hanging valley

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hanging valley

Geography a tributary valley entering a main valley at a much higher level because of overdeepening of the main valley, esp by glacial erosion
Collins Discovery Encyclopedia, 1st edition © HarperCollins Publishers 2005
The following article is from The Great Soviet Encyclopedia (1979). It might be outdated or ideologically biased.

Hanging Valley


a valley whose floor ends with a drop to the floor of another, larger valley or to the shore of a sea or lake.

Hanging valleys are formed by the significant differences in the erosive forces of water currents of the main valley and the valley of a tributary, as a result of which the cutting of the tributary lags behind the deepening of the valley of the main river. On sea and lake shores hanging valleys arise because the water-current erosion is slower than the destruction of the shore by surf. The occurrence of a hanging valley can also be connected with sharp changes in the basis of erosion, tectonic movements, a rapid decrease in the level of a reservoir, and differences in the lithology of the washed rocks; in mountain regions, hanging valleys may be connected with the varying speed of valley deepening by glaciers.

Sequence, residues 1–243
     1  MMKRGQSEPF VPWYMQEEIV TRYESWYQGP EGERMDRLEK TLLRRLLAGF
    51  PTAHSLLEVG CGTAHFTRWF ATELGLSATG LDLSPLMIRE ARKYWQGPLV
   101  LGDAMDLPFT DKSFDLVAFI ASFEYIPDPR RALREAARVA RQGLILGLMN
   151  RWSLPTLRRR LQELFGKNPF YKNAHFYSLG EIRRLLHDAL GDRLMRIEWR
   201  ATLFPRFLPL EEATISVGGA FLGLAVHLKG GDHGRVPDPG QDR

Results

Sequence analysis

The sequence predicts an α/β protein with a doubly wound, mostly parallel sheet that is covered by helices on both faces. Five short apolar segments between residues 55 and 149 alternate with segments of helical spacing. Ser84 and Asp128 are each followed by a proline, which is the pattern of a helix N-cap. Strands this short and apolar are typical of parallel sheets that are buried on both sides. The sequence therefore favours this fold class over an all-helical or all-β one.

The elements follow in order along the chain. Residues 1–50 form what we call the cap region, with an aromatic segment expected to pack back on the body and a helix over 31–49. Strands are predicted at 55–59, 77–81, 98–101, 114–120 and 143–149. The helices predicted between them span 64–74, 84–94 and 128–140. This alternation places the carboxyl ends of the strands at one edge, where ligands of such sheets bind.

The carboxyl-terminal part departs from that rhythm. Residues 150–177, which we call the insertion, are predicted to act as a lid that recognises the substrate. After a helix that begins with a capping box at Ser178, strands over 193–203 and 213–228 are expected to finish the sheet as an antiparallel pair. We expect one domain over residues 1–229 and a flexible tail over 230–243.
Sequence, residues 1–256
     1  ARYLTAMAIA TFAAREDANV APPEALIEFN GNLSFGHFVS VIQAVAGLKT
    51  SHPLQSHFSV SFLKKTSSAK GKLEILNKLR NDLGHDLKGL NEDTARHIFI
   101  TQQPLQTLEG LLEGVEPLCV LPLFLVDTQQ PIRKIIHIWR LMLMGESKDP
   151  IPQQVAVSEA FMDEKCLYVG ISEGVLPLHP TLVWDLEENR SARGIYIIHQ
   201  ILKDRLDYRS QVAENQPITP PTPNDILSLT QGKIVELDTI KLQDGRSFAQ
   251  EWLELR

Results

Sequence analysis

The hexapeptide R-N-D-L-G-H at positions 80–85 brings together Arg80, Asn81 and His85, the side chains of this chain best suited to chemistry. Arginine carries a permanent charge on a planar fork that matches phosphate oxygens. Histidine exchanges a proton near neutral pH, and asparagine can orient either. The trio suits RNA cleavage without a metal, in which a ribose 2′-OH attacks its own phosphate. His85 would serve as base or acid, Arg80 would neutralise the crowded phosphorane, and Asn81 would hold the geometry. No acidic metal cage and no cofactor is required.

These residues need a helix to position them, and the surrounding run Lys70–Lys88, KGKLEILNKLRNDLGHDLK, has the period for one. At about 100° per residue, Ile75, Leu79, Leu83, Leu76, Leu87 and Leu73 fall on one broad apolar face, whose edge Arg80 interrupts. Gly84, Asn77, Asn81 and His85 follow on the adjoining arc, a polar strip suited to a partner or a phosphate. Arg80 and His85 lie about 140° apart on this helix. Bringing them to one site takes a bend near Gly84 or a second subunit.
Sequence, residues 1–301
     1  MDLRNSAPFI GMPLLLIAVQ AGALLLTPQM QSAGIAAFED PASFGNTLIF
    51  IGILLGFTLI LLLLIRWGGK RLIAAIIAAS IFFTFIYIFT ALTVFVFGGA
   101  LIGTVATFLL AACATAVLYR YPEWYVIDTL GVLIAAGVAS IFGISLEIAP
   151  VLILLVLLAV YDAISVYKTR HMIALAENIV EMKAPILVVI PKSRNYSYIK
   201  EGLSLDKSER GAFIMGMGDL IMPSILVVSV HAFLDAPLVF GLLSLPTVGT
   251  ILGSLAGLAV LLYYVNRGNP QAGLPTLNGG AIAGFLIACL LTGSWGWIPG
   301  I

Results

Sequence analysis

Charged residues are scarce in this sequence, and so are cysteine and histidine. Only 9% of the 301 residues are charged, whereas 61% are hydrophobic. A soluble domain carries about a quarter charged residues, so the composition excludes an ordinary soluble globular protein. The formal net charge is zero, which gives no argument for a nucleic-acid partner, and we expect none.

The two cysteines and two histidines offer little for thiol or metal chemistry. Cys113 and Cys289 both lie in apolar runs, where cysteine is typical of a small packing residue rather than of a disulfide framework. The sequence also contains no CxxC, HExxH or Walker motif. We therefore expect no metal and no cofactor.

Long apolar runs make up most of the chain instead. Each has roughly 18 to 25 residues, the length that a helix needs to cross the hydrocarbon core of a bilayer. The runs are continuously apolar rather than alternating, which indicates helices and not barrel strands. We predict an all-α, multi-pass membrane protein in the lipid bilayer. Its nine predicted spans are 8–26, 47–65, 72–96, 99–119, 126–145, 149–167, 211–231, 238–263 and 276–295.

The Great Soviet Encyclopedia, 3rd Edition (1970-1979). © 2010 The Gale Group, Inc. All rights reserved.

hanging valley

[′haŋ·iŋ ¦val·ē]
A valley whose floor is higher than the level of the shore or other valley to which it leads.
McGraw-Hill Dictionary of Scientific & Technical Terms, 6E, Copyright © 2003 by The McGraw-Hill Companies, Inc.
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Cwm Llan is one of the most stunning hanging valleys in Snowdonia, with waterfalls, great views and cliffs a thousand metres high.
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